Nearly 90 Percent of Americans Want Humans in Self-Driving Cars, But Congress Doesn't

Americans want to put the brakes on Congress as it races ahead to allow driverless cars to be built without human controls.

Eighty-seven percent of Americans want self-driving cars to always have humans inside who can take control in emergencies, according to a new study by Pew Research Center. Meanwhile, Congress is moving ahead to allow cars to be built without any human controls and prevent states from restricting the technology.

"Americans express more worry than enthusiasm about coming developments in automation – from driverless vehicles to a world in which machines perform many jobs currently done by humans" read the report on the survey, called “Automation in Everyday Life.” 

Eighty-seven percent want a "requirement that all driverless vehicles have a human in the driver's seat who can take control of the car in the event of an emergency," the study read, while 53 percent favor that "strongly." And 83 percent of Americans want driverless vehicles to have dedicated lanes. 

Still, many Americans — 40 percent — said they're excited about the industry. And 44 percent said they would ride in a driverless vehicle — high, considering that they aren't publicly available yet. 

But legislation seems to be swerving away from public sentiment. The bill, which passed the Senate Commerce, Science and Transportation Committee Wednesday and is headed for a full Senate vote, allows self-driving cars to be sold without steering wheels or human controls. And it limits states from doing anything about that. 

Proponents, who have lobbied heavily for the de-regulation of the industry, say it’s an important advance in technology that would make roads safer — fewer tired, drunk or distracted drivers. Opponents say there aren’t enough safeguards, and that there are dangerous possibilities for the technology to malfunction.

Senator Richard Blumenthal (D-Conn.) sponsored amendments for the final bill to require manufacturers to disclose safety analysis of driverless cars vs. human drivers, and limit the number of vehicles manufacturers can sell each year that are exempt from federal safety standards. For an increase in exemption caps, manufacturers must prove that exempted vehicles are equally as safe as current vehicles. Blumenthal also wants to "incorporate...consumer safeguards that make sure a human operator can take manual control of an autonomous vehicle in the event of an emergency," he said in a release.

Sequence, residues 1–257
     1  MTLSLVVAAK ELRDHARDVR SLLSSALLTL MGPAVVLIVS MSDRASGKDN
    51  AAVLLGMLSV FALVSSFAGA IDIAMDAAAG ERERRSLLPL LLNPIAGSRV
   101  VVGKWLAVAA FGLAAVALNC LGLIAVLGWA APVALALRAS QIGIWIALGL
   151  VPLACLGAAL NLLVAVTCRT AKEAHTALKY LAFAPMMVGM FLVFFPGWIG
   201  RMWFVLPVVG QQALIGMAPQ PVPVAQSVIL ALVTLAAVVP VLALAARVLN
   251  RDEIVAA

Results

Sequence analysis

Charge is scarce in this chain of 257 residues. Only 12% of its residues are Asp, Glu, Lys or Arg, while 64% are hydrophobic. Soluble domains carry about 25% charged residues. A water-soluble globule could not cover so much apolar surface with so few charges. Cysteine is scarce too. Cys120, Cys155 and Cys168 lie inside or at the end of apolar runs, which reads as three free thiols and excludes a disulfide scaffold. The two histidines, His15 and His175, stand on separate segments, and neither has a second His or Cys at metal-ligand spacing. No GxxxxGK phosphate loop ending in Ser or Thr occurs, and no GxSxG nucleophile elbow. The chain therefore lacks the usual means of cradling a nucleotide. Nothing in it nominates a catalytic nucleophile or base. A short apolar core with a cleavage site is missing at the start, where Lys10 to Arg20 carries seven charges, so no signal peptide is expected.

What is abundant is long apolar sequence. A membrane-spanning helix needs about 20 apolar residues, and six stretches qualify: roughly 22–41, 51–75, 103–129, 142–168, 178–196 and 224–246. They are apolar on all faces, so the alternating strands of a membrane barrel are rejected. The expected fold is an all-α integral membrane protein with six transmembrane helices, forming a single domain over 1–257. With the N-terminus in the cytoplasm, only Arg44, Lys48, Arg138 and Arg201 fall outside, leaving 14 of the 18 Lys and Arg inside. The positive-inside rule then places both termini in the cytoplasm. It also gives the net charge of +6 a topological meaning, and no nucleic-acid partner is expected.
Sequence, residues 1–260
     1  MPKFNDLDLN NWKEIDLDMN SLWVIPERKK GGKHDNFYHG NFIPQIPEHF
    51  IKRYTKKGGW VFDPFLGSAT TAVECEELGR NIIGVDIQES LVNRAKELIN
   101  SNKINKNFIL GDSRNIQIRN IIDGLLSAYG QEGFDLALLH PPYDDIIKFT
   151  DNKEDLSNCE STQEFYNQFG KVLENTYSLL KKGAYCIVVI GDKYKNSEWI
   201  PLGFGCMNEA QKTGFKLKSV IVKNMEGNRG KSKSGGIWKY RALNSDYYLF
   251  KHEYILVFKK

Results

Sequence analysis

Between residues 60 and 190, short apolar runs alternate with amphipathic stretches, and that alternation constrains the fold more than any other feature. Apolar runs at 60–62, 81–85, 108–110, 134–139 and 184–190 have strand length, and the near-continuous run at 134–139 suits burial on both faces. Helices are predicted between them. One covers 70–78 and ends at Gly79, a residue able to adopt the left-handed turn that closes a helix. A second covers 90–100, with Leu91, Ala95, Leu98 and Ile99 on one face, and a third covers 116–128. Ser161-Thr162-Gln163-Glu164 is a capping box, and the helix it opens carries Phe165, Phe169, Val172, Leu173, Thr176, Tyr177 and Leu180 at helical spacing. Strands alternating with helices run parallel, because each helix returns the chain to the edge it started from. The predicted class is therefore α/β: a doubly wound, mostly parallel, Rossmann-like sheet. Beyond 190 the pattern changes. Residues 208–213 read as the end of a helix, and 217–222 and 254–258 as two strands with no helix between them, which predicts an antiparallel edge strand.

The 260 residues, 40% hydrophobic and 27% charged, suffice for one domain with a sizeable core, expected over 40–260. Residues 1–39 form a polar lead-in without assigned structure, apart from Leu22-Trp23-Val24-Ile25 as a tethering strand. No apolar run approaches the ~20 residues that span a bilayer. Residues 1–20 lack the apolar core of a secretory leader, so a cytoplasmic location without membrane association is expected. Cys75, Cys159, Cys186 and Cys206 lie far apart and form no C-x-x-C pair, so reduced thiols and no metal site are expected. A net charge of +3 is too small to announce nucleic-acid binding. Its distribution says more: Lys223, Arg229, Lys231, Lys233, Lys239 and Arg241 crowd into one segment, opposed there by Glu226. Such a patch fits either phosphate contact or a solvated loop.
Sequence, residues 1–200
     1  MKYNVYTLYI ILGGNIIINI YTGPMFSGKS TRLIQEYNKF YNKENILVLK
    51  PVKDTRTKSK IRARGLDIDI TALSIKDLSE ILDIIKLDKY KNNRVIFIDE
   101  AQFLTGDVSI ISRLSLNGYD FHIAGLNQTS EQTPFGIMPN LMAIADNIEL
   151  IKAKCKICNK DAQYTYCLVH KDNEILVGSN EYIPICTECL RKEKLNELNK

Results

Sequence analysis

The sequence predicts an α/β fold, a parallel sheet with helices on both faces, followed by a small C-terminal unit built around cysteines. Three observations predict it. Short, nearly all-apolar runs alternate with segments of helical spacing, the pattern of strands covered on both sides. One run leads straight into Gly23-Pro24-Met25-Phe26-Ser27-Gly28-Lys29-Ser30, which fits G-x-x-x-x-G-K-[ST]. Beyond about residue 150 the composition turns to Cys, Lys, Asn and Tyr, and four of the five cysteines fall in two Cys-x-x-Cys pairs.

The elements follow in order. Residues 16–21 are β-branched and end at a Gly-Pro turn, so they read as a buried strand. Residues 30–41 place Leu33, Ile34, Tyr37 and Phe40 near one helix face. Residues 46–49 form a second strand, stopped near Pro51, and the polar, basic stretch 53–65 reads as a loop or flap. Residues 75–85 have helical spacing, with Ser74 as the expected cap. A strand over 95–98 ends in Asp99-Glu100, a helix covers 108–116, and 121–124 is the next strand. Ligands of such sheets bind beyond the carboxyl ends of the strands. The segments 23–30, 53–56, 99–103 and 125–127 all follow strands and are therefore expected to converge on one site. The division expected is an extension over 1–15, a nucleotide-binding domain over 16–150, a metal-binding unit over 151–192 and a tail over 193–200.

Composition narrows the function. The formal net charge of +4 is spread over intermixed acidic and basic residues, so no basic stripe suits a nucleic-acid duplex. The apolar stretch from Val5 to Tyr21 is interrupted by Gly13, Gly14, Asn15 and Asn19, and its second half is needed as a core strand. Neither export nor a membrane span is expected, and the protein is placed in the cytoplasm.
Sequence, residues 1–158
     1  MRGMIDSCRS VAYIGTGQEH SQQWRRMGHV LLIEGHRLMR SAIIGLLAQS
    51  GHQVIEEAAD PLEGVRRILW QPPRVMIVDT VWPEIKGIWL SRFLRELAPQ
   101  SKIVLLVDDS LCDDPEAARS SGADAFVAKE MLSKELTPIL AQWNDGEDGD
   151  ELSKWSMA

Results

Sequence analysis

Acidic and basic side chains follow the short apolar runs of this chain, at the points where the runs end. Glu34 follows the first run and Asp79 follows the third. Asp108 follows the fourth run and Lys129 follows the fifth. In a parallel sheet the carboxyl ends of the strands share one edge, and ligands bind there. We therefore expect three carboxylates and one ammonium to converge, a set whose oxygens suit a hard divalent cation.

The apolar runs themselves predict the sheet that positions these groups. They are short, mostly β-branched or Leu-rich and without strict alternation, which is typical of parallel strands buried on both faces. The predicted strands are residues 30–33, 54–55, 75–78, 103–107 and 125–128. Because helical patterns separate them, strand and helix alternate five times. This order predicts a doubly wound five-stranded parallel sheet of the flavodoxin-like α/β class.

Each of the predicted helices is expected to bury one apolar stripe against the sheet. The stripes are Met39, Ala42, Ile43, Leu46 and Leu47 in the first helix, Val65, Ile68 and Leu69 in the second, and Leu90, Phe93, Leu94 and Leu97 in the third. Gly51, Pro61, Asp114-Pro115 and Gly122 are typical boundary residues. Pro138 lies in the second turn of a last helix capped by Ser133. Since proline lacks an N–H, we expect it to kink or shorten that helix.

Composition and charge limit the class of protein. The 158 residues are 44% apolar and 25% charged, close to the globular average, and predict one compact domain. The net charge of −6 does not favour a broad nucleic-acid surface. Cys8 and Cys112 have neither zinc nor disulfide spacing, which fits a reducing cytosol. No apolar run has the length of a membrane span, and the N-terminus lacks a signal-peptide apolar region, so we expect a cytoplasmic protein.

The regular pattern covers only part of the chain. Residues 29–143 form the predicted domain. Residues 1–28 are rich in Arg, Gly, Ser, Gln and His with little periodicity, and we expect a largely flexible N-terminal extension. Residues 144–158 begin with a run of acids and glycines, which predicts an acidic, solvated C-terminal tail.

The technology is still new, and Audi is one of the first car manufacturers to announce plans to release an autonomous car to the public in 2020. Google began to develop the cars in 2009, and is in a legal battle with Uber this year after a former Google engineer allegedly brought trade secrets about the technology to his new job at Uber.

Despite the impressive technology — the sensors, radar and camera as safety measures, and the advantage over distracted human drivers — the cars have malfunctioned and caused deaths since their inception. GM reported six crashes in September in California. In 2016, a man traveling in a self-driving Tesla in Florida was killed in an accident when the car failed to apply its brakes; Tesla said the car didn’t notice the white side of a tractor-trailer against a brightly lit sky. Uber temporarily suspended its driverless car services when one vehicle crashed in Arizona, which has been lax about regulating the industry from the beginning.

But once manufacturers work out kinks and malfunctions, the technology has the chance to actually improve safety. Some 90 percent of car accident deaths each year are caused by human error, experts have said. 

"Driven by artificial intelligence, these vehicles will not make errors of judgment the way a human driver does," Hussein Dia, an engineer at the Swinburne University of Technology in Melbourne, said in a September seminar. "They will not drink and drive. They will not fall asleep behind the wheel. They will not get distracted by playing Pokemon Go." 

Machines also calculate millions of variables far faster than the human brain.

The bill wouldn’t apply to the trucking industry, or vehicles over 10,000 pounds, though some have pushed for it.

The Pew study surveyed 4,135 adults in the U.S. between May 1 and 15, 2017,  by randomly selecting and recruiting them from landline and cellphone random-digit-dial surveys. The participants then answered questions in a web survey.

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